I am the type of person that attributes songs to the work that I do. And after my first day sampling for benthic algae last summer, I already had the chorus of the Beatles’ Twist and Shout running through my head.
That may seem an odd choice of song, but I assure you that there is no better musical masterpiece to describe the complete process of benthic algae sampling and running. In the field, with our four-centimeter diameter corers, we cut back the cordgrass Spartina patens in the high marsh to reveal the sediment beneath. The dense Spartina patens roots woven through the soil, however, force us to twist the corer to break up those roots, eventually releasing our sediment core sample. There we have the lyrics “Twist and shout,” shouting in joy (or frustration) optional.
The next week, I travel with my samples back to the lab at the Woods Hole Research Center, where I extract the cores in acetone before running them on a UV Spectrophotometer, to measure chlorophyll a absorbance at different wavelengths of UV light (which, in turn, tells us benthic algae abundance). With running the samples, though, comes a lot of tube shaking, after adding acetone and again before being spun down in the centrifuge to run on the Spectrophotometer. Hence, “Shake it up, baby, now.” Shake those samples!
If you couldn’t already tell, I’m quite passionate about benthic algae, the topic of my independent research. However, it took a little while for this interest to grow on me.
The first time I heard the words benthic and algae together was last summer, when it was proposed by the Lead Principal Investigator Linda Deegan that I be in charge of field sampling, organizing the past fifteen years of data, and eventually finding the story behind the microalgae response to nitrogen fertilization. I did my best to act knowledgeable about the topic, but in my two years of undergraduate study, I had only come across macroalgae, and never algae described as benthic. Cue the background research!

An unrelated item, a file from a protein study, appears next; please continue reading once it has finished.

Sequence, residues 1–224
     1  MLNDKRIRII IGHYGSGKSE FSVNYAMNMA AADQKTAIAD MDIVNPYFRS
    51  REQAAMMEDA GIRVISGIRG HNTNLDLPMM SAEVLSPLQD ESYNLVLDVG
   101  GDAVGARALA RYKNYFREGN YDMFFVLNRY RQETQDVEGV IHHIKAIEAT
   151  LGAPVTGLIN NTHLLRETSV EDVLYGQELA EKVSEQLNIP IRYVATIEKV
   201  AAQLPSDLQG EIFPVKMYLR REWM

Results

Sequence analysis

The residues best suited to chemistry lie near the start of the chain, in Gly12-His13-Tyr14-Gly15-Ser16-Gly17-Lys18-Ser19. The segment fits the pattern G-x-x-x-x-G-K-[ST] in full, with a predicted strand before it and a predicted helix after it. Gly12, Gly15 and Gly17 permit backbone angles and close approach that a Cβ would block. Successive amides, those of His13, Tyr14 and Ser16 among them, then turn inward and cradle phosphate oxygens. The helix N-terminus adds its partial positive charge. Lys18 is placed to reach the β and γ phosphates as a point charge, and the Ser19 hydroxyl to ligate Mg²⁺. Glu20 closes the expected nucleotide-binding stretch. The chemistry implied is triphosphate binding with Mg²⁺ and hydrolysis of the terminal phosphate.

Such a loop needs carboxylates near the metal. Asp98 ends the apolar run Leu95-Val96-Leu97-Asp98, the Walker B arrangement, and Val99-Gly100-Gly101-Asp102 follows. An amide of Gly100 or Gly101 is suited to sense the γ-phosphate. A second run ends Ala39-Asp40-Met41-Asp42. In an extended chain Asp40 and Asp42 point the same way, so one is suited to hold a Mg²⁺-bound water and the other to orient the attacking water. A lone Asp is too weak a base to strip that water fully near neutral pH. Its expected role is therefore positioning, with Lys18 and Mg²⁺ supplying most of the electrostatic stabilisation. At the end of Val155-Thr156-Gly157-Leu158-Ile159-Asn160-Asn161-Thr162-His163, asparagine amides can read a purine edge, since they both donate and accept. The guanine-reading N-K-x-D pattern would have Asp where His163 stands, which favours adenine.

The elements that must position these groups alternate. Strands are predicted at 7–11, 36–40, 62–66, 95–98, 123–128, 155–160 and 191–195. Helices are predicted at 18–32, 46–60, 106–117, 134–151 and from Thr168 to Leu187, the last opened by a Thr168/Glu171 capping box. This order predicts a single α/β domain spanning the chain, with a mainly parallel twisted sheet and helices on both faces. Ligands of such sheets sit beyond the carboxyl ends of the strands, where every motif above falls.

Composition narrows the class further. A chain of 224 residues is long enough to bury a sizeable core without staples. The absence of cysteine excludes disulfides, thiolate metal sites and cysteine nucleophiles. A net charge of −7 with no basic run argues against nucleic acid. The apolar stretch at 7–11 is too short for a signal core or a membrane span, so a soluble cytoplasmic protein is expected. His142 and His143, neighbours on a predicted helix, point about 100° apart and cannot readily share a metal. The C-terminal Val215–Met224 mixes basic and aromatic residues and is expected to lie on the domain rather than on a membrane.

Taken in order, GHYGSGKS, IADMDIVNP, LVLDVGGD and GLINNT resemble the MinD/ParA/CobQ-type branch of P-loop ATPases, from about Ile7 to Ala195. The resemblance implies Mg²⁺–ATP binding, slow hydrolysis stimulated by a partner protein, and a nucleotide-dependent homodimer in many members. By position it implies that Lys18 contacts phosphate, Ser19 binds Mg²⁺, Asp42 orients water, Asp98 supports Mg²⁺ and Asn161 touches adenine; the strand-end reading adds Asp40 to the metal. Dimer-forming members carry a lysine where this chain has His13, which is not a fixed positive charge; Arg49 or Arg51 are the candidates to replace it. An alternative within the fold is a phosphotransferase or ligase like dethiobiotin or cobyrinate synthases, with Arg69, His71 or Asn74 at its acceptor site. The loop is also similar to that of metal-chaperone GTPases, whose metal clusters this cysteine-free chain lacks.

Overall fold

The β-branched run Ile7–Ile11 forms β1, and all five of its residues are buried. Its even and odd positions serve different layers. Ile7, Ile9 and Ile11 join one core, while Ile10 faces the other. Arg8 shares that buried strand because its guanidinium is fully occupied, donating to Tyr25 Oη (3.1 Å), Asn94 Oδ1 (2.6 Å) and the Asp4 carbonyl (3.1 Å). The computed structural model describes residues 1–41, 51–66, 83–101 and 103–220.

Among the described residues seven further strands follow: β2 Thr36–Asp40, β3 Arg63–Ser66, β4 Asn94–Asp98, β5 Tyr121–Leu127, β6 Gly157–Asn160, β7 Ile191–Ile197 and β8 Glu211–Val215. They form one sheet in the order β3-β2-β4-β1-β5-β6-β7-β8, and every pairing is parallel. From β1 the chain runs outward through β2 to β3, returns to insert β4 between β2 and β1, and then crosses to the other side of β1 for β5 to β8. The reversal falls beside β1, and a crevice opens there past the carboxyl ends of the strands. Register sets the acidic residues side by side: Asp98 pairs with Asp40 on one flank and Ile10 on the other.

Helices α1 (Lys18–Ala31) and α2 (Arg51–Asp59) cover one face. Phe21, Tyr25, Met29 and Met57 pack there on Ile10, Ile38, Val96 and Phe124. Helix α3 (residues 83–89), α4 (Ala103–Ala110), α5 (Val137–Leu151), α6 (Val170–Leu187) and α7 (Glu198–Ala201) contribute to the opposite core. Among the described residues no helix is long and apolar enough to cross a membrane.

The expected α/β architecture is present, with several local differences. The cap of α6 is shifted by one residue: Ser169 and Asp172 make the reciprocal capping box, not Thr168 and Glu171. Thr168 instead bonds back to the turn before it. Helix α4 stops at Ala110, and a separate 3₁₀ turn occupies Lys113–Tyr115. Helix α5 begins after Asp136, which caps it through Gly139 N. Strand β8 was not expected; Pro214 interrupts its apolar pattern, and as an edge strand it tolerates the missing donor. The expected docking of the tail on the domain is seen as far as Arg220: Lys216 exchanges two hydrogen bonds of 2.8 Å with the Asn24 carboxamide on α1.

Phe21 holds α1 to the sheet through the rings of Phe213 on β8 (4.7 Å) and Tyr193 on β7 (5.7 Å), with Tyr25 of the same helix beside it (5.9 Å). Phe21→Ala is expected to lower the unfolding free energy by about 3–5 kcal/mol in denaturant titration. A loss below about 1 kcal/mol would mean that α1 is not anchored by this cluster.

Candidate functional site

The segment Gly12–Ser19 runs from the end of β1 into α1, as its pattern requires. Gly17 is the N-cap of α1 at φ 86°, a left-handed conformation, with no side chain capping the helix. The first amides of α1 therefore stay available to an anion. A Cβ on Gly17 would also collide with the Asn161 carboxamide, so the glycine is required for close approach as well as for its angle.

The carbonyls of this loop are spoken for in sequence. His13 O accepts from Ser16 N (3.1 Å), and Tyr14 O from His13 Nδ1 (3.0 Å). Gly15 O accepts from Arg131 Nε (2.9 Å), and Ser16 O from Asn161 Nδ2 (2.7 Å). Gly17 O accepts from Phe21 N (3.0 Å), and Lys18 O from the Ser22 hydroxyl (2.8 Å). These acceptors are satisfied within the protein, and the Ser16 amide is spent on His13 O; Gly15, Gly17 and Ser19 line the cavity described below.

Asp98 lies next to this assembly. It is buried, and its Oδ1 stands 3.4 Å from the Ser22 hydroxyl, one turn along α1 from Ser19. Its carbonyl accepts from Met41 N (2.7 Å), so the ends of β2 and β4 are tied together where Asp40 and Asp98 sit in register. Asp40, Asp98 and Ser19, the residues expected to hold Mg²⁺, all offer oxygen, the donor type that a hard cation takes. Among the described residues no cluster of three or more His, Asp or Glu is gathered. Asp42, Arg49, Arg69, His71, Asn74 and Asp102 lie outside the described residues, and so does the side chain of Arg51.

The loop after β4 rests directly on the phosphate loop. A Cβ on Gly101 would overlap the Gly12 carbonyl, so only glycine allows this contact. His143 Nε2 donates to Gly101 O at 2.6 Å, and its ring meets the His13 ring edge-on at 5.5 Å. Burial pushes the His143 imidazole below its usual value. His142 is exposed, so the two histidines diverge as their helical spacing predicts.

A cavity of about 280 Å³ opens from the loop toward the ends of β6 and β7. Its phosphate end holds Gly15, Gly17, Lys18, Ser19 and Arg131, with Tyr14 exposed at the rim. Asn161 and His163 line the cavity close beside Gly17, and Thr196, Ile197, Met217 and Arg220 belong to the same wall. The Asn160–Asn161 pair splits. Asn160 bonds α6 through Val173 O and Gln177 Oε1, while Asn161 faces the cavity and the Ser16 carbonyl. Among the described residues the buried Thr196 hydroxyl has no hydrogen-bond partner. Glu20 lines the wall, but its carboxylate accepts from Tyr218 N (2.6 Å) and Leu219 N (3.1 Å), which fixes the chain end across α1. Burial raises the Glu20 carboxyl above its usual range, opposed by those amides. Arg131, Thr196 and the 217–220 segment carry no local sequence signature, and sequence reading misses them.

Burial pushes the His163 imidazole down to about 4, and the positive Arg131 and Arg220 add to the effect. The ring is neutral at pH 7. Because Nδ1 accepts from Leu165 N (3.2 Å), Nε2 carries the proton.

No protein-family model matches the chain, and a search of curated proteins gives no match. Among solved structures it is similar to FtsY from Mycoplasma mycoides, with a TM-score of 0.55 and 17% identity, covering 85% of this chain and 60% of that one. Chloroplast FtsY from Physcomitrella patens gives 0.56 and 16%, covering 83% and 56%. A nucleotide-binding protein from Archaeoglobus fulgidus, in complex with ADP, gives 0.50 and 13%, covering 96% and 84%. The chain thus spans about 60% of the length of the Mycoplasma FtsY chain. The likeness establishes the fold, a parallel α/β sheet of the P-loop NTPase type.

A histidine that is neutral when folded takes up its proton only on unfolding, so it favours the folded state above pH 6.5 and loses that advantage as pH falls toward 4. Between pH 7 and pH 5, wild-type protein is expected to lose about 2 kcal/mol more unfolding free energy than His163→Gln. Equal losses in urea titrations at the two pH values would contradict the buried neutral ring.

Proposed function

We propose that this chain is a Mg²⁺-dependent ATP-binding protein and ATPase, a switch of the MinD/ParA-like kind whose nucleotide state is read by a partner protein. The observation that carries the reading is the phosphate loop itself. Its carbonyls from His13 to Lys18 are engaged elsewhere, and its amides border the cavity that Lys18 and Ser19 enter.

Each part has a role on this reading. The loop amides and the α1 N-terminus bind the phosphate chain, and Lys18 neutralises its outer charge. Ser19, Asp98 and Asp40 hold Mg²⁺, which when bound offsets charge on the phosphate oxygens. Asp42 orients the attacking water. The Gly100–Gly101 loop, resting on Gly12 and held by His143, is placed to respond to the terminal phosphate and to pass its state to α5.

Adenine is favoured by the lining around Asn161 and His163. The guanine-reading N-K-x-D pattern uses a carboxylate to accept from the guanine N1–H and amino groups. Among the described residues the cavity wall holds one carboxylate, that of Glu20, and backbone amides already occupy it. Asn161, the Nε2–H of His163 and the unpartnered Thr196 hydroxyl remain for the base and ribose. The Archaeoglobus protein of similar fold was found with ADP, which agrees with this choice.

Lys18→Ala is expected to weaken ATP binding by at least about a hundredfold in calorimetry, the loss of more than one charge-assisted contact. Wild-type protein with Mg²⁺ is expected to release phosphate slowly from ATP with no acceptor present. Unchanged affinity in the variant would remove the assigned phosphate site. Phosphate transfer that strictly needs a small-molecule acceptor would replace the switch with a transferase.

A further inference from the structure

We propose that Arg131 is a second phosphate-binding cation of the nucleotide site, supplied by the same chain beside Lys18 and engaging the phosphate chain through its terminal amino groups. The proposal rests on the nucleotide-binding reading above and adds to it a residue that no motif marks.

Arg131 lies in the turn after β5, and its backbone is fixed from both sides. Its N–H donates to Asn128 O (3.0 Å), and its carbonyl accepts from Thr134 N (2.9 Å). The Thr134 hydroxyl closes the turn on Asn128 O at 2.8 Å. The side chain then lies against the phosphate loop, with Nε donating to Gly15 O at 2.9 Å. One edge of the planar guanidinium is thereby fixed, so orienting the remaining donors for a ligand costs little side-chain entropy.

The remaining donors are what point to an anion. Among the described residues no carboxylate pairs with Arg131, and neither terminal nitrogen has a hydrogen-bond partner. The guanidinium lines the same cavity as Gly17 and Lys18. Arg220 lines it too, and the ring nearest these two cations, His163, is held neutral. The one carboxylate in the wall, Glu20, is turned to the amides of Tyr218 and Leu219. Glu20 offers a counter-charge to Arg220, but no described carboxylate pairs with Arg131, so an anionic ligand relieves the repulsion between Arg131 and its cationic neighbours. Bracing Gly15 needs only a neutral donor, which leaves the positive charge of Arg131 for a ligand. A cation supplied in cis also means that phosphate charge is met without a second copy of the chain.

What we refer to as benthic algae is microalgae, such as cyanobacteria and diatoms, found in the first few centimeters of marsh sediment. Benthic algae is important for the uptake of nitrogen and carbon, and serves as a source of energy for grazers, among a myriad other things. This algae is also resilient to many environmental factors like extended darkness and hypoxic or anoxic environments, which means that it could play a role in salt marsh recovery from nitrogen loading; but should benthic algae be negatively affected by that nitrogen addition, there could be potential consequences for the salt marsh ecosystem.
Through research, I began to see benthic algae as a link between marsh invertebrate ecology, a topic I was familiar with and loved, and biogeochemistry, an area new to me when I began with TIDE. Armed with my corers in the field, a UV Spectrophotometer in the lab, and fifteen years of historic data in the office, I hope to unlock the full, fifteen-year story of how benthic microalgae responds to nutrient loading and marsh recovery this upcoming year.
Written by Kate Armstrong